Air cargo market analysis: 2023 ended with a 9% year-on-year rise in demand

2024 may herald the start of a new economic growth cycle for the global air cargo industry after last year ended with a 9 per cent year-on-year rise in demand and the general air cargo spot rate reached its highest level in nine months, suggests the latest weekly market data analysis by Xeneta, an airfreight rate analytics platform.

While the geopolitical environment and cost-of-living pressures continue to present significant hurdles to global trade, the predictability of air cargo means the industry stands to benefit from escalating international disruption, albeit producing only modest gains in volumes, according to Niall van de Wouw, Xeneta’s chief airfreight officer.

He said: “To say 2024 is a ‘new dawn’ is perhaps a little too optimistic, but I certainly think it’s the start of a new cycle for airlines and forwarders – and shippers are likely to also appreciate the stability returning to the market so they can more accurately predict the transportation costs for the products they are selling.”

Weekly market data for December shows the global average air cargo spot rate peaking at 2.6 per kg, up 6 per cent on its November level, boosted by a 9 per cent annual growth in demand.

The general air cargo spot rate, however, continued to record a double-digit year-on-year fall of -18 per cent. This compares to a growth ratio of -25 per cent in November compared to the previous year.

The chief airfreight officer added: “December 2023 data shows the market was slightly busier than anticipated, but we shouldn’t be tempted to draw too many conclusions from what happens in the final month of the year because the Christmas and New Year holidays make it an odd month.

“We also need to factor in that December 2022 provided a low comparison base given the very muted demand seen 12 months ago. This latest data appears to reflect stronger but temporary local market performance on key lanes as opposed to signalling a global economy that is doing much better.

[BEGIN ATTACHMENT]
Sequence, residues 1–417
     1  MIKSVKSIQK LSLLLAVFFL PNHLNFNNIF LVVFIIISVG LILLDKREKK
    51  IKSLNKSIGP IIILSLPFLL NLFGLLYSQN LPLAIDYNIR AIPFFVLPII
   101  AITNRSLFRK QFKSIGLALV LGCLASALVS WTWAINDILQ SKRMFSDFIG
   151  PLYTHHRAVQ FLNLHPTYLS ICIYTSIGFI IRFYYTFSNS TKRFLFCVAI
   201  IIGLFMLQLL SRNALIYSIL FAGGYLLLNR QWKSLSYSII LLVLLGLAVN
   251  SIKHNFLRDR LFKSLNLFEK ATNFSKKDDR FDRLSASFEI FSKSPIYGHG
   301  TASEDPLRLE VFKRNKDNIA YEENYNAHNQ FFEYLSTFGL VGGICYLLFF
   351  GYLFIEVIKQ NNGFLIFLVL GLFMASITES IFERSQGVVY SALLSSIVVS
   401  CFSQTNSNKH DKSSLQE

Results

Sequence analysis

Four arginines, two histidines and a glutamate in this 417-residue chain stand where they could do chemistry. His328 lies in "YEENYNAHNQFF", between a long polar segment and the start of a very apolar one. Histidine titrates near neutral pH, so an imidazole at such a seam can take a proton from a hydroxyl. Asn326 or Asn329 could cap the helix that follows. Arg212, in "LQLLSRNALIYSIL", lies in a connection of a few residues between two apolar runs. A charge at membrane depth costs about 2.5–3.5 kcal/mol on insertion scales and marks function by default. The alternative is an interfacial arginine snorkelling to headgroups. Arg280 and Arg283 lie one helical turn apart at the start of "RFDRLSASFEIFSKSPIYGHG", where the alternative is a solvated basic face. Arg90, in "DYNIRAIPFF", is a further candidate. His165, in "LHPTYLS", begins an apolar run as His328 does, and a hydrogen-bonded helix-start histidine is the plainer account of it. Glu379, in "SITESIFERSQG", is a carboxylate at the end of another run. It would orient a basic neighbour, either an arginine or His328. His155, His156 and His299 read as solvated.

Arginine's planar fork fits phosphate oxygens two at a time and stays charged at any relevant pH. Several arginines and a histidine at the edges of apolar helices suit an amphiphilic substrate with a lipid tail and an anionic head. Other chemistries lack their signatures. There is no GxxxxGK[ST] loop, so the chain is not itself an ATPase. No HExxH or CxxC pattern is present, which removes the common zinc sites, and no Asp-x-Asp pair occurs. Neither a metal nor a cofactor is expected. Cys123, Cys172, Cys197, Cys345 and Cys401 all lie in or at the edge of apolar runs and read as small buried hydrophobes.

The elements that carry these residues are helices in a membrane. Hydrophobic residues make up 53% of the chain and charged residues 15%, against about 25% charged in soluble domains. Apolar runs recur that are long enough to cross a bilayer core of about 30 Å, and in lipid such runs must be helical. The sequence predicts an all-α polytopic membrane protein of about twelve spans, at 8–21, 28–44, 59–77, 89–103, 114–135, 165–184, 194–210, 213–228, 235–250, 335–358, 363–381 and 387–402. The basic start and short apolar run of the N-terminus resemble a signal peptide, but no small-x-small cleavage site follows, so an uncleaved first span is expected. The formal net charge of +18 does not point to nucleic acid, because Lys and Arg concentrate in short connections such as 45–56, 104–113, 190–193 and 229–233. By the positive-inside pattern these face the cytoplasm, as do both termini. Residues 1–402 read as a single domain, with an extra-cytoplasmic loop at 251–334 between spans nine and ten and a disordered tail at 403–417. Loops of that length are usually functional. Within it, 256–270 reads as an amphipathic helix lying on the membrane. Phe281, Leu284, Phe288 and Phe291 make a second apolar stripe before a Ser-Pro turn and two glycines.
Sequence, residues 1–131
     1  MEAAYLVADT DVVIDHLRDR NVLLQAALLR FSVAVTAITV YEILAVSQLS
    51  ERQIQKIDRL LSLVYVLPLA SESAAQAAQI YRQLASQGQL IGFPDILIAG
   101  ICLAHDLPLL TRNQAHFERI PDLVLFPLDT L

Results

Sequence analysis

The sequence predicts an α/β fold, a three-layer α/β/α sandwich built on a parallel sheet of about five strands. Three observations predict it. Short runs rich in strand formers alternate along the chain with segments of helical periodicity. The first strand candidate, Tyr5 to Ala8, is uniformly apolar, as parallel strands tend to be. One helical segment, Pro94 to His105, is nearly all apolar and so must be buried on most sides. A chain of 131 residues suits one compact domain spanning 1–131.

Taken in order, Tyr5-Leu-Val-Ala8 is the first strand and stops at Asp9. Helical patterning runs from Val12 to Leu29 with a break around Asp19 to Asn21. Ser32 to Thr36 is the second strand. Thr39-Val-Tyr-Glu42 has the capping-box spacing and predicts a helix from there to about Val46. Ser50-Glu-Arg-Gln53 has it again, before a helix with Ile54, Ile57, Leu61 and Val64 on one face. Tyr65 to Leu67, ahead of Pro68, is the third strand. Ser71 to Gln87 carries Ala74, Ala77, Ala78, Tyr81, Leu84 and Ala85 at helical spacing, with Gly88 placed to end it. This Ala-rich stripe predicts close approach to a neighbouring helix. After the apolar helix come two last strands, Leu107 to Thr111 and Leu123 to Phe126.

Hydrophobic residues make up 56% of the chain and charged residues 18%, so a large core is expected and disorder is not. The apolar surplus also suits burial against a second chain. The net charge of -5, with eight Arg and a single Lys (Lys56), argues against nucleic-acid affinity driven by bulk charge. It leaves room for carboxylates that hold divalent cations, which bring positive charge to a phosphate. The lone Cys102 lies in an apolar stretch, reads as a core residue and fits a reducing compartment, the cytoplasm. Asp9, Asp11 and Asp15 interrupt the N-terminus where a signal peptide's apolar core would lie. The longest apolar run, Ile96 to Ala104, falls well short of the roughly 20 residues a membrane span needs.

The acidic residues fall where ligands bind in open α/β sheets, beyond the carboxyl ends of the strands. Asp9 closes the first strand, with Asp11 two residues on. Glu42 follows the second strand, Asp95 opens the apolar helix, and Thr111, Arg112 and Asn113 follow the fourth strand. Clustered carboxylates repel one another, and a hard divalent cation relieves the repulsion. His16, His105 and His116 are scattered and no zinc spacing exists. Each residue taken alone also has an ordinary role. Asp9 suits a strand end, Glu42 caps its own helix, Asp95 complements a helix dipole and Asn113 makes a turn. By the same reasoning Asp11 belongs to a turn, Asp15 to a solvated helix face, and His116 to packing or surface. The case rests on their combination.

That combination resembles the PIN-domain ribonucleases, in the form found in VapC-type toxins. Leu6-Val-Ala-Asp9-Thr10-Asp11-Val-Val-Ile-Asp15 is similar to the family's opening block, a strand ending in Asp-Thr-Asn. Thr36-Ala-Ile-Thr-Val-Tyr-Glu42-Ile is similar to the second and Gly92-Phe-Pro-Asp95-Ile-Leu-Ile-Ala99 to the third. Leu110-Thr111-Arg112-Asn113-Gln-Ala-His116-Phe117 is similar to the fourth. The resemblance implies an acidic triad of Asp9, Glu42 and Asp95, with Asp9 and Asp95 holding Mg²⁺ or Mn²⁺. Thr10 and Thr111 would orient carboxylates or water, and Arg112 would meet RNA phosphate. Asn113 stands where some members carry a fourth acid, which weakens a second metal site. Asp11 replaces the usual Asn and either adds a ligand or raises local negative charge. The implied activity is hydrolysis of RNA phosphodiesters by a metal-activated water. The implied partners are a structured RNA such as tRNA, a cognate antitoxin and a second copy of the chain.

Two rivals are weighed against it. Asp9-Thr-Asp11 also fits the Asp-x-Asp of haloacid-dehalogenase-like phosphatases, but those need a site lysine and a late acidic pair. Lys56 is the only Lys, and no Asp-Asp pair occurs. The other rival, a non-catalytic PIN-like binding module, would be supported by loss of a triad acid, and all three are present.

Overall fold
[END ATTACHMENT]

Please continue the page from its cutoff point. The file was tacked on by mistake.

“Our market outlook forecast for 2024 remains unchanged with an anticipated 1 to 2 per cent growth in demand, and a 2 to 4 per cent rise in supply.”

As the heightened cost-of-living permeates advanced economies, consumers opted for more discounted e-commerce shopping to fulfil their Christmas shopping lists, adding to export volumes especially from Asia.

However, it is worth noting that general retail sales outside of e-commerce remained subdued, especially when adjusted for inflation.

Looking at market supply, December global air cargo capacity stayed at a similar level to previous months, climbing 6 per cent year-over-year versus the global supply still under recovery in 2022.

The global dynamic load factor, Xeneta’s market performance indicator which measures air cargo capacity utilisation by considering both cargo volume and weight perspectives of cargo flown and capacity available, dropped to 59 per cent in December.

This was 1 percentage point down from its November level, but 3 percentage points higher than in December 2022 as year-on-year demand growth outperformed the increase in cargo capacity. Prime regional lanes performed strongly in the final month of 2023.